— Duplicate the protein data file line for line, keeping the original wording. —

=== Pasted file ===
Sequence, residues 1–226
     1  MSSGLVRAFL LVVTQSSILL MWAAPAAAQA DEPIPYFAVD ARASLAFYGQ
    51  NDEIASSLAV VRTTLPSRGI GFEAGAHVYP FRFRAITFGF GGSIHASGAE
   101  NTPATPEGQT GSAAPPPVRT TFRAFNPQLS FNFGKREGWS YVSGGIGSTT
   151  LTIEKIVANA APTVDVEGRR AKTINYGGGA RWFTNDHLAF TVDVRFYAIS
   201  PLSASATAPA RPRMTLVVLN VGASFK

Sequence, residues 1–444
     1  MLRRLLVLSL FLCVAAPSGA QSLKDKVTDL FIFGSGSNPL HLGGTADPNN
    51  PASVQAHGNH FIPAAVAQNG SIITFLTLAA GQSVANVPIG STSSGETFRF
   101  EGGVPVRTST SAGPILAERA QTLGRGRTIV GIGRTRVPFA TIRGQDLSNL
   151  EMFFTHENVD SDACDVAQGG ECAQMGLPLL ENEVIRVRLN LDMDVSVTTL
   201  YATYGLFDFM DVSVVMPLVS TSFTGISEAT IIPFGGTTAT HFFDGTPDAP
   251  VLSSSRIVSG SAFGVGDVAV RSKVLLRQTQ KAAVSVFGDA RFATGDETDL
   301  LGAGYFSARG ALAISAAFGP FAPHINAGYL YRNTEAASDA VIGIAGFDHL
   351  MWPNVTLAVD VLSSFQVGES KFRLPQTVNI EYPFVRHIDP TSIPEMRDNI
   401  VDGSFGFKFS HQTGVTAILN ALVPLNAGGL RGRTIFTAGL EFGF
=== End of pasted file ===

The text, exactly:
Sequence, residues 1–226
     1  MSSGLVRAFL LVVTQSSILL MWAAPAAAQA DEPIPYFAVD ARASLAFYGQ
    51  NDEIASSLAV VRTTLPSRGI GFEAGAHVYP FRFRAITFGF GGSIHASGAE
   101  NTPATPEGQT GSAAPPPVRT TFRAFNPQLS FNFGKREGWS YVSGGIGSTT
   151  LTIEKIVANA APTVDVEGRR AKTINYGGGA RWFTNDHLAF TVDVRFYAIS
   201  PLSASATAPA RPRMTLVVLN VGASFK

Sequence, residues 1–444
     1  MLRRLLVLSL FLCVAAPSGA QSLKDKVTDL FIFGSGSNPL HLGGTADPNN
    51  PASVQAHGNH FIPAAVAQNG SIITFLTLAA GQSVANVPIG STSSGETFRF
   101  EGGVPVRTST SAGPILAERA QTLGRGRTIV GIGRTRVPFA TIRGQDLSNL
   151  EMFFTHENVD SDACDVAQGG ECAQMGLPLL ENEVIRVRLN LDMDVSVTTL
   201  YATYGLFDFM DVSVVMPLVS TSFTGISEAT IIPFGGTTAT HFFDGTPDAP
   251  VLSSSRIVSG SAFGVGDVAV RSKVLLRQTQ KAAVSVFGDA RFATGDETDL
   301  LGAGYFSARG ALAISAAFGP FAPHINAGYL YRNTEAASDA VIGIAGFDHL
   351  MWPNVTLAVD VLSSFQVGES KFRLPQTVNI EYPFVRHIDP TSIPEMRDNI
   401  VDGSFGFKFS HQTGVTAILN ALVPLNAGGL RGRTIFTAGL EFGF